Then * * tried, but hardly snatch'd from sight
Instant buoys up and rises into light
He bears no token of the sable streams,
And mounts far off amongst the swans of Thames.

A note applied the lines to Hill, with whom he had had a former misunderstanding. Hill replied to these assaults by a ponderous satire in verse upon " tuneful Alexis ; " it had, however, some tolerable lines at the opening, imitated from Pope's own verses upon Addison, and attributing to him the same jealousy of merit in others. Hill soon afterwards wrote a civil note to Pope, complaining of the passage in the Dunciad. Pope might have relied upon the really satisfactory answer that the lines were, on the whole, complimentary; indeed, more complimentary than true. But with his natural propensity for lying, he re-sorted to his old devices. In answer to this and a subsequent letter, in which Hill retorted with unanswerable force, Pope went on to declare that he was not the author of the notes, that the extracts had been chosen at random, that he would " use his influence with the editors of the Dunciad to get the note altered "; and, finally, by an ingenious evasion, pointed out that the blank in the Dunciad required to be filled up by a dissyllable. This, in the form of the lines as quoted above, is quite true, but in the first edition of the Dunciad the first verse had been Hill tried the next, but hardly snatch'd from sight.

Hill did not detect this specimen of what Pope somewhere calls " pretty genteel equivocation." He was reconciled to Pope, and taught the poor poet by experience that his friendship was worse than his enmity. He wrote him letters of criticism ; he forced poor Pope to negotiate for him with managers and to bring distinguished. friends to the performances of his dreary plays ; nay, to read through, or to say that he had read through, one of them in manuscript four times, and make corrections mixed with elaborate eulogy. No doubt Pope came to regard a letter from Hill with terror, though Hill compared him to Horace and Juvenal, and hoped that he would live till the virtues which his spirit would propagate became as general as the esteem of his genius. In short, Hill, who was a florid flatterer, is so complimentary that we are not surprised to find him telling Richardson, after Pope's death, that the poet's popularity was due to a certain " bladdery swell of management." " But," he concludes, "rest his memory in in peace ! It will very rarely be disturbed by that time he himself is ashes."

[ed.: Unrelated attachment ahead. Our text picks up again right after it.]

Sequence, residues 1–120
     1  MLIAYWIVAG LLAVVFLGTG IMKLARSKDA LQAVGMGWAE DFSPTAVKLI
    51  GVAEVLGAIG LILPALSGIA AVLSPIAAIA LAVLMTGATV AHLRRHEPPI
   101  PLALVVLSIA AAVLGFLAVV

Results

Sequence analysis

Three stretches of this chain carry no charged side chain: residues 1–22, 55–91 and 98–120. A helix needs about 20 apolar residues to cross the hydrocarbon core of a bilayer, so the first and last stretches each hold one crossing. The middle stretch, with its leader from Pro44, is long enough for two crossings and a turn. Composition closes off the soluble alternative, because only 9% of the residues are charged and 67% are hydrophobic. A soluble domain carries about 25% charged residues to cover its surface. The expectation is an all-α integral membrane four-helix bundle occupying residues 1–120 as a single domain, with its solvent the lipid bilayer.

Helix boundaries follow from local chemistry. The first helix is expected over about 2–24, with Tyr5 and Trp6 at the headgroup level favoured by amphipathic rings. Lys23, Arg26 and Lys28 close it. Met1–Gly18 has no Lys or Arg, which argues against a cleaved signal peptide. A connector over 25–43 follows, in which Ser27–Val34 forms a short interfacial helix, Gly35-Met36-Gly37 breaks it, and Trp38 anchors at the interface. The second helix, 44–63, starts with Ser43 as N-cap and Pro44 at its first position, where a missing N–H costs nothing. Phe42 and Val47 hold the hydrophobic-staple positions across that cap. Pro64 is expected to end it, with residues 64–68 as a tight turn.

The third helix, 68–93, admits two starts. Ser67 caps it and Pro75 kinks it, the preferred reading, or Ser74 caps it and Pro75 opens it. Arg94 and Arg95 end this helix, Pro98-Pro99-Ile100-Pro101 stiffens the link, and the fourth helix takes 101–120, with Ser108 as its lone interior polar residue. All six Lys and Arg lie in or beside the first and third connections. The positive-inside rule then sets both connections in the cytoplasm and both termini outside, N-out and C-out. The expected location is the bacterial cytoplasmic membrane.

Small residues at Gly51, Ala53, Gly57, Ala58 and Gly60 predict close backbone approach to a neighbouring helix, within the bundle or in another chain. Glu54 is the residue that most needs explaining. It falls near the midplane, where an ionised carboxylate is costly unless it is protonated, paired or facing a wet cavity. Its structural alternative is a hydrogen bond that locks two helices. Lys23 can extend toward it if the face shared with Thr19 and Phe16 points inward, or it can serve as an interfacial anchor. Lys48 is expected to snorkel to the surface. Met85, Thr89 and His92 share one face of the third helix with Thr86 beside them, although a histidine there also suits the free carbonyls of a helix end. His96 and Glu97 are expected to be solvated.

The war raged for some time. Dennis, Smedley, Moore-Smythe, Welsted, and others, retorted by various pamphlets, the names of which were published by Pope in an appendix to future editions of the " Dunciad," by way of proving that his own blows had told. Lady Mary was credited, perhaps unjustly, with an abusive performance called a " Pop upon Pope," relating how Pope had been soundly whipped by a couple of his victims—of course a pure fiction. Some such vengeance, however, was seriously threatened. As Pope was dining one day at Lord Bathurst's, the servant brought in the agreeable message that a young man was waiting for Mr. Pope in the lane outside, and that the young man's name was Dennis. He was the son of the critic, and pre-pared to avenge his father's wrongs ; but Bathurst persuaded him to retire, without the glory of thrashing a cripple. Reports of such possibilities were circulated, and Pope thought it prudent to walk out with his big Danish dog Bounce, and a pair of pistols. Spence tried to persuade the little man not to go out alone, but Pope declared that he would not go a step out of his way for such villains, and that it was better to die than to live in fear of them. He continued, indeed, to give fresh provocation. A weekly paper, called the Grub-street Journal, was started in January, 1730, and continued to appear till the end of 1737. It included a continuous series of epigrams and abuse, in the Scriblerian vein, and aimed against the heroes of the Dunciad, amongst whom poor James Moore-Smythe seems to have had the largest share of abuse. It was impossible, however, for Pope, busied as he was in literature and society, and constantly out of health, to be the efficient editor of such a performance ; but though he denied having any concern in it, it is equally out of the question that any one really unconnected with Pope should have taken up the huge burden of his quarrels in this fashion. Though he concealed, and on occasions denied his connexion, he no doubt inspired the editors and contributed articles to its pages, especially during its early years. It is a singular fact—or rather, it would have been singular, had Pope been a man of less abnormal character—that he should have devoted so much energy to this paltry subterranean warfare against the objects of his complex antipathies. Pope was so anxious for concealment, that he kept his secret even from his friendly legal adviser Fortescue; and Fortescue innocently requested Pope to get up evidence to support a charge of libel against his own organ. The evidence which Pope collected—in defence of a quack-doctor, Ward—was not, as we may suppose, very valuable. Two volumes of the Grub-street Journal were printed in 1737, and a fragment or two was admitted by Pope into his works. It is said, in the preface to the collected pieces, that the journal was killed by the growing popularity of the Gentleman's Magazine, which is accused of living by plunder. But in truth the reader will infer that, if the selection includes the best pieces, the journal may well have died from congenital weakness.